While many 20-somethings can be classified as lazy and entitled, many others are eager to live independently but simply lack the know-how to survive on their own. Balancing entry-level pay with high cost of living and substantial debt is a challenge that many young people are not equipped to face.
Fortunately, financial responsibility is a skill that can be learned, and young people can adapt to the difficulties posed by the economy; one day, when the economy stabilizes or they break into a more stable career, these same frugal choices can lay the groundwork for a long-term, financially healthy lifestyle.
The Role of Economic Responsibility
The other side of the boomerang generation is a population of young people who have embraced frugality as a lifestyle. Rather than become overwhelmed by the challenge of today's economy, they've chosen to pare down their lifestyles to the bare essentials. This allows them to live independently while pursuing the career that they want; rather than pursuing high-paying jobs as a way to maintain their comfortable lifestyles, they've chosen to reduce their living expenses.
You don't have to subscribe to the full philosophy of voluntary simplicity to benefit from its teachings. At its core, the movement relies on the same smart money choices as any other type of responsible personal finance. Teaching these lessons to our children while still young and instilling them with these values may help empower them to become independent as they grow older, regardless of the state of the economy.
There are several habits that financially successful young people share:
-- Spending in cash and avoiding all consumer debt
-- Buying used goods and making things rather than buying them
-- Creating and sticking to budgets
-- Putting aside money first and never touching savings except in true emergencies
-- Holding second jobs or lucrative hobbies for extra income
Parents can help prepare their children for independent life by teaching them financial principles at an early age. The sooner a person learns about budgeting and maintaining credit, the more easily they can begin building a lifestyle of frugality until long-term career goals can be met. Even after a successful career has been established, they may find that they prefer the simpler lifestyle and continue living simply while padding their savings accounts.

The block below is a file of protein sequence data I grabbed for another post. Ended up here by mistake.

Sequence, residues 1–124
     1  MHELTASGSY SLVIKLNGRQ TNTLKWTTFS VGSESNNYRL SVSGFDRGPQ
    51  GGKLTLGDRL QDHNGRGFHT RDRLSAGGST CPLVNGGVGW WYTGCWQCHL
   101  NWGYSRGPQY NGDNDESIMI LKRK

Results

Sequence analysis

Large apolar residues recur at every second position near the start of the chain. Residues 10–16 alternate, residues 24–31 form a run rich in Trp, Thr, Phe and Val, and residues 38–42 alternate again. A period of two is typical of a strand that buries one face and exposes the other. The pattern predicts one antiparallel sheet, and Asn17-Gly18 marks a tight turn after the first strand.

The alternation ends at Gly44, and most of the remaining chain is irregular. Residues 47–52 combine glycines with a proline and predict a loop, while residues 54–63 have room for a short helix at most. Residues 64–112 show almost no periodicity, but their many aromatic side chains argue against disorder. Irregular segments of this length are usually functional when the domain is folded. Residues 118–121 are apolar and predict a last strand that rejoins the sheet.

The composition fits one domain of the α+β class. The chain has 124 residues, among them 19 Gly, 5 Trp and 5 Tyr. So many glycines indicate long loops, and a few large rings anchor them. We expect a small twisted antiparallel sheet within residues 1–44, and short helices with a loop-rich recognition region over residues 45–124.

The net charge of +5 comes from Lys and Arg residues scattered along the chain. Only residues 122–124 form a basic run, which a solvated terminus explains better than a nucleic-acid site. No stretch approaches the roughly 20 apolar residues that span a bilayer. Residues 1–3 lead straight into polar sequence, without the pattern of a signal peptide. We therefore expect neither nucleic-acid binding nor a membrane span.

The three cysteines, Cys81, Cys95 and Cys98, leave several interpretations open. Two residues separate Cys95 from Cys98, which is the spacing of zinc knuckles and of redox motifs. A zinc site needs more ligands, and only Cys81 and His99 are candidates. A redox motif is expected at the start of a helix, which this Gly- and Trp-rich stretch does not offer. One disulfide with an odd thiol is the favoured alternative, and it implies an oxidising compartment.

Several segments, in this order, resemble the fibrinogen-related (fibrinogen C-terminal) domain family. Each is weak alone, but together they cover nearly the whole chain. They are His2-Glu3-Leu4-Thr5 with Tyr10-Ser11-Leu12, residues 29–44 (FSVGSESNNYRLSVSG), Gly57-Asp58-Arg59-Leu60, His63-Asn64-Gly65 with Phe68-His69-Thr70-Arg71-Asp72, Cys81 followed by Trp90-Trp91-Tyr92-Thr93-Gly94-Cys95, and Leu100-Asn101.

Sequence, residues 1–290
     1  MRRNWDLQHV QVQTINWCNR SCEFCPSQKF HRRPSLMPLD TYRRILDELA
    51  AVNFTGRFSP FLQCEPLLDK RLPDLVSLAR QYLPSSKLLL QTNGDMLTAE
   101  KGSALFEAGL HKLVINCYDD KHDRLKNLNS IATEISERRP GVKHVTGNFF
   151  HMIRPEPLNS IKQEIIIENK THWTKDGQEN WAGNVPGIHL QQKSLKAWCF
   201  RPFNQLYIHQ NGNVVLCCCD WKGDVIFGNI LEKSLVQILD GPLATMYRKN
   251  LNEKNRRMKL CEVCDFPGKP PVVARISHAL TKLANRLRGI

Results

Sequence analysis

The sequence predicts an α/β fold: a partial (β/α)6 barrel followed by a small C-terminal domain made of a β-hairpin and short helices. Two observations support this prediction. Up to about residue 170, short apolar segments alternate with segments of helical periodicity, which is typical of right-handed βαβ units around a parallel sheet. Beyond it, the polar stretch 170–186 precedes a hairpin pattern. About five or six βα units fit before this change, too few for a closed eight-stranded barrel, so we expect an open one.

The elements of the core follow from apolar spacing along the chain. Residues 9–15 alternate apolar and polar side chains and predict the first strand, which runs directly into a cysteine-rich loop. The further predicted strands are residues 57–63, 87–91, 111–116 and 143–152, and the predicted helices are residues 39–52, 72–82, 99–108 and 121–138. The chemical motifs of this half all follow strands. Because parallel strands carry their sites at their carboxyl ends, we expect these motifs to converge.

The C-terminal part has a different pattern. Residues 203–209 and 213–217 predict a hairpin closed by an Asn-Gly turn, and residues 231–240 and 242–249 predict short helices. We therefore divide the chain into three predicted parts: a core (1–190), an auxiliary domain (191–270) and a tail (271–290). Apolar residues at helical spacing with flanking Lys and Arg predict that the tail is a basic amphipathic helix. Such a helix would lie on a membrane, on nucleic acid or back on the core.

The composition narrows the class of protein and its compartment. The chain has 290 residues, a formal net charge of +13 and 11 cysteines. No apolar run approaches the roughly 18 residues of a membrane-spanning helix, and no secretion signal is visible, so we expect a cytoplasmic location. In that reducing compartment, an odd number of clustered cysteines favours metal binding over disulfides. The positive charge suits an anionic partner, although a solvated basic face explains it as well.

Coming Home: Good for the Family?
There's a flip side to the debate about adult children returning home. Depending on the situation, moving back in with mom and dad can actually be the wisest choice a person can make. The majority of people living at home with their parents continue to work full-time or part-time jobs, allowing them to pool their resources with other family members. This increases the overall income of the household and helps reduce stress on any individual family member.
Living back home also enables a young person to reduce their expenses and focus on saving money. Rather than struggling to make ends met, they can put money aside in savings accounts or investments and begin growing a nest egg. Considering the high cost of living throughout the nation, a substantial amount of money can be saved if the individual does not have to foot the entire cost alone.
Of course, using this interim as an opportunity to grow wealth and build a financial groundwork is only effective if the individual is committed to saving money. People who use their parents as a safety net with no greater financial goal in mind are doomed to never launch away from home; those who use it as a carefully-calculated stepping-stone to a more successful life are much more likely to launch successfully and stay independent.
Whether embracing a simplified lifestyle or using the time spent at home to build a savings account, it's imperative to begin with good financial sense. Only people who understand how to live within their means can achieve true financial independence, and laying down the groundwork for this at a young age can help reduce the long-term damage of bad financial choices no matter the state of the economy.